An ancient golden coffin worth $4 million, which is believed to have been looted from Egypt and sold to the Metropolitan Museum of Art (the Met) in New York City, has been returned to its home in a ceremony on Wednesday.
Earlier this year, at the Met’s exhibit of “Nedjemankh and His Gilded Coffin,” attended by Egyptian Minister of Foreign Affairs Sameh Hassan Shoukry, the coffin was the centerpiece.
The 2,100-year-old coffin of a priest called Nedjemankh was sold to the Met by an art trafficking network using fake documentation, the BBC said.
At Wednesday’s ceremony, Manhattan DA Cyrus Vance said: “Returning stolen cultural treasures to their countries of origin is at the core of our mission to stop the trafficking of stolen antiquities. I am honoured to repatriate this extraordinary artefact back to the people of Egypt.”
“Coming as we do from all over the world, New Yorkers place a strong value on cultural heritage, and our office takes pride in our work to vigorously protect it,” he said.
The Met apologized to Egypt and handed over the ornate, mummy-shaped coffin following a probe involving authorities in Egypt, Germany and France, prosecutors said.
“Several thousand stolen antiquities worth more than $150 million have been recovered by the Antiquities Trafficking Unit. Many of these have been returned to their rightful owners and repatriated to their countries of origin”, prosecutors said.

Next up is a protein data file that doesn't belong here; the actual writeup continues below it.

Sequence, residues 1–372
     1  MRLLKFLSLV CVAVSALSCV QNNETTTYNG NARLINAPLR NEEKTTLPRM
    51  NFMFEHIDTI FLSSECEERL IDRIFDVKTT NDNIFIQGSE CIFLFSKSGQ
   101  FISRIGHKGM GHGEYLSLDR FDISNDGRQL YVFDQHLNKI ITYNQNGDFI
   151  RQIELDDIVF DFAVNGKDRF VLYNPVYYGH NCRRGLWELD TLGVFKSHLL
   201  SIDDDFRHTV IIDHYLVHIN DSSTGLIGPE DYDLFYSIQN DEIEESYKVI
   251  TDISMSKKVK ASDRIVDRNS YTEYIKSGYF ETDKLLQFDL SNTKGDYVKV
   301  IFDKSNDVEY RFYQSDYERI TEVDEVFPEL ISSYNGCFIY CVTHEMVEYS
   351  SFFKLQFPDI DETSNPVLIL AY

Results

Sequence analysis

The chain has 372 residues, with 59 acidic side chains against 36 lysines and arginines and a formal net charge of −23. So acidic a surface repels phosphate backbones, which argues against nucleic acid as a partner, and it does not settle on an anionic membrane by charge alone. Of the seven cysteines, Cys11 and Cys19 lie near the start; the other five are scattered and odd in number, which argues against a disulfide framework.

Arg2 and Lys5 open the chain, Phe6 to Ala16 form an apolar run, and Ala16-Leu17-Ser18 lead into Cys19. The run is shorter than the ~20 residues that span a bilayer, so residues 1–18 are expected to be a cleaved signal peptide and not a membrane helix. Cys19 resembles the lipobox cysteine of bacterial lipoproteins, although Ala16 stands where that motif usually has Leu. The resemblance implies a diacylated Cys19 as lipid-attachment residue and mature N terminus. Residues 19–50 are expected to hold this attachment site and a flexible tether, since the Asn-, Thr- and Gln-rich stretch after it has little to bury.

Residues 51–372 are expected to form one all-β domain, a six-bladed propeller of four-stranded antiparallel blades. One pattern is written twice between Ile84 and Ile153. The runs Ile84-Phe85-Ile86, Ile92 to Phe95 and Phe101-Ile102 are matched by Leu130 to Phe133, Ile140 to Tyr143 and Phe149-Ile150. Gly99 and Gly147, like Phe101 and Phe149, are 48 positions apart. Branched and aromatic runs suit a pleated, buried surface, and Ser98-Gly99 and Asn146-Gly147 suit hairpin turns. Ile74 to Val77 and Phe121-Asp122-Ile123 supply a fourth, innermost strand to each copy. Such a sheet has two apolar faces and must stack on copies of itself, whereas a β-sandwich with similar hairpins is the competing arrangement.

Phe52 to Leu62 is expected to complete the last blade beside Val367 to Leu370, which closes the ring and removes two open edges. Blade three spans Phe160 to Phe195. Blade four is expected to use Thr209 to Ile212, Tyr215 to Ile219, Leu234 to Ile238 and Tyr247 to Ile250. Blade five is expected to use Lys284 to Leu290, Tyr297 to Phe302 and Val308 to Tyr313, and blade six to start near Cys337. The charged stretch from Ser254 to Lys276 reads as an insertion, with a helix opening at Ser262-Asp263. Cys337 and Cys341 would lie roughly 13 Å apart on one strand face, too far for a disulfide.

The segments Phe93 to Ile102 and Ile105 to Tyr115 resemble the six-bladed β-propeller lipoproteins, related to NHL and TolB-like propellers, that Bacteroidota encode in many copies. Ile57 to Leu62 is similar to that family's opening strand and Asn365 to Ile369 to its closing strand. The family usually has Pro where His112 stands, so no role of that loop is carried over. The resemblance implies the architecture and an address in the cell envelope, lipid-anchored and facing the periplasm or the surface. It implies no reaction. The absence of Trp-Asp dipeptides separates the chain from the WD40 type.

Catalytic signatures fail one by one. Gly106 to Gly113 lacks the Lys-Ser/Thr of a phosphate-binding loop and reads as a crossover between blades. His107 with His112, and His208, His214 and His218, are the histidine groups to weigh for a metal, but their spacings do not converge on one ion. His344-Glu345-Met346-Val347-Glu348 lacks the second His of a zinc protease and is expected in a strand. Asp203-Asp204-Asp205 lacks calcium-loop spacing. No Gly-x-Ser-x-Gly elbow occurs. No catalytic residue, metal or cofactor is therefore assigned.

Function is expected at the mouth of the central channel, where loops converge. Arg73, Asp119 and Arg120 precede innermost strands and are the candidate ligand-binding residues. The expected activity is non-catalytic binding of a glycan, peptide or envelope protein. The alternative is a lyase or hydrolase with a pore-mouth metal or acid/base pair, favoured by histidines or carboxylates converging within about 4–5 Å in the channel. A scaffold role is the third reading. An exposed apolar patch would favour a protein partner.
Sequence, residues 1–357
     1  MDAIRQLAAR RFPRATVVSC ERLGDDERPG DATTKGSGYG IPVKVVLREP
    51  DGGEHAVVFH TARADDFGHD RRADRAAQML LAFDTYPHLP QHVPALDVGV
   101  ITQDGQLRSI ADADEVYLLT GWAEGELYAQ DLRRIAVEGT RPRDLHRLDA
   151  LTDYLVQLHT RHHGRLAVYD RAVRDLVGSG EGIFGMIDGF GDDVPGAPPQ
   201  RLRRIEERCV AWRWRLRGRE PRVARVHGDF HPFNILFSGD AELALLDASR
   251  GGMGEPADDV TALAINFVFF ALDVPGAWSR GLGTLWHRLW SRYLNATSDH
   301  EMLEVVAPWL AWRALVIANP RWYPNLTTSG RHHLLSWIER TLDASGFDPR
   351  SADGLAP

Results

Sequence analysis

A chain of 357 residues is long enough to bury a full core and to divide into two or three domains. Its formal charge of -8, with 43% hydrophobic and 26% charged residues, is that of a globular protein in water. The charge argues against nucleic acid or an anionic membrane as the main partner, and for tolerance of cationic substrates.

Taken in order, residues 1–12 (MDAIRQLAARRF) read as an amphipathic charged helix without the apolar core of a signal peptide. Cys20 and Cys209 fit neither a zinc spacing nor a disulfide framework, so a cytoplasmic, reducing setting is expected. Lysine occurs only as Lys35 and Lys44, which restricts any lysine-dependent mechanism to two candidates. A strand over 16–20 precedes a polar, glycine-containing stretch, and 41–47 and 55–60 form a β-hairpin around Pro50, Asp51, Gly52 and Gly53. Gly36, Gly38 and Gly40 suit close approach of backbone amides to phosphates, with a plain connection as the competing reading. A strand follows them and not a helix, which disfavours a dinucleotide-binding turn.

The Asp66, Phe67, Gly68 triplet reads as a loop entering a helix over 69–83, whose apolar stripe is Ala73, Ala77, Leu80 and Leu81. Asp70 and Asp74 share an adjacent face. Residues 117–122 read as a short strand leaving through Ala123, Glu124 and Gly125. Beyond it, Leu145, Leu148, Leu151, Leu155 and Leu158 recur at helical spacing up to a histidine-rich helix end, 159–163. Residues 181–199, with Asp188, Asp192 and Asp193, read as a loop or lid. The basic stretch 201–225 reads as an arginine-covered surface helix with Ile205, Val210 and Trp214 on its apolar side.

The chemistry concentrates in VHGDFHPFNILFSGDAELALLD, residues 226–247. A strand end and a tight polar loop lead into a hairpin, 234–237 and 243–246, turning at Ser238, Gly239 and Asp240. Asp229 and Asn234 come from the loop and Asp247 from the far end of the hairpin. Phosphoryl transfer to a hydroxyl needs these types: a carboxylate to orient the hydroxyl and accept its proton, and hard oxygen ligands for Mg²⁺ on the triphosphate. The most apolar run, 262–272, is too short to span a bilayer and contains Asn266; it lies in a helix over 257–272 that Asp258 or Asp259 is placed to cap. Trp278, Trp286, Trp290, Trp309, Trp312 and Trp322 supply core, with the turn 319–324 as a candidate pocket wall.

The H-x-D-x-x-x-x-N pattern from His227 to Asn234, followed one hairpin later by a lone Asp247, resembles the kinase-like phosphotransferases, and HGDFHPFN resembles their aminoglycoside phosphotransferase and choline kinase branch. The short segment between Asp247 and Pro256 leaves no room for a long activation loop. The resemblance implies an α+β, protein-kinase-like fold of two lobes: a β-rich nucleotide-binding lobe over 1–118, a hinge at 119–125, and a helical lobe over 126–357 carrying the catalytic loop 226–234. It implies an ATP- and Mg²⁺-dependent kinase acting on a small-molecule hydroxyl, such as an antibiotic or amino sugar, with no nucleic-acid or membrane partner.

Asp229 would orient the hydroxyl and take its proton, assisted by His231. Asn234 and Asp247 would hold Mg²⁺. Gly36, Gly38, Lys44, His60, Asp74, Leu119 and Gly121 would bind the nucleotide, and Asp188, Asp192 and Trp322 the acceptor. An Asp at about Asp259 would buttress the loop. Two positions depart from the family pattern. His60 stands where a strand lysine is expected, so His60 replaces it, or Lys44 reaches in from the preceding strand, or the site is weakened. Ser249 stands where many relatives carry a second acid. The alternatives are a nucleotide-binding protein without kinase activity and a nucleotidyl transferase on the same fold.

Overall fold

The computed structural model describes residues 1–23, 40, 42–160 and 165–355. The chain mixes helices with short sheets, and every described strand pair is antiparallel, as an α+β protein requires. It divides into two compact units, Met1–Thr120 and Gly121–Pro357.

The Manhattan District Attorney’s Antiquities Trafficking Unit worked with Homeland Security investigators and Egyptian officials in tracking the priceless artifact, which was purchased by the Met for $4 million in 2017, reports ABC7 News.
The coffin, which was reportedly crafted in Egypt in the first century BC, housed the remains of a high-ranking priest of the Egyptian ram god Heryshef of Herakleopolis, known as Nedjemankh.
The Art Newspaper describes the coffin’s surface as decorated with scenes and texts in gesso relief, which the museum said were intended to guide Nedjemankh on his spiritual journey from death to eternal life.
Looted from the Minya region of Egypt after the country’s 2011 revolution, the coffin was smuggled to the United Arab Emirates and then later to Germany.
It then headed to France, where it was sold by a Paris art dealer to the famed Fifth Avenue art museum in July 2017. The coffin has finally returned home.
“It is not the protection of our heritage, but the protection of mankind’s heritage.” “Today we are celebrating the return of one of our national treasures,” Egyptian Minister of Foreign Affairs Sameh Hassan Shoukry said.
Reports indicate that the Met’s acquisitions undergo “a rigorous vetting process” that follows a 1970 UNESCO treaty, federal and state laws and the Association of Art Museum Directors’ guidelines.
The repatriated coffin is expected to be put on public display in Egypt.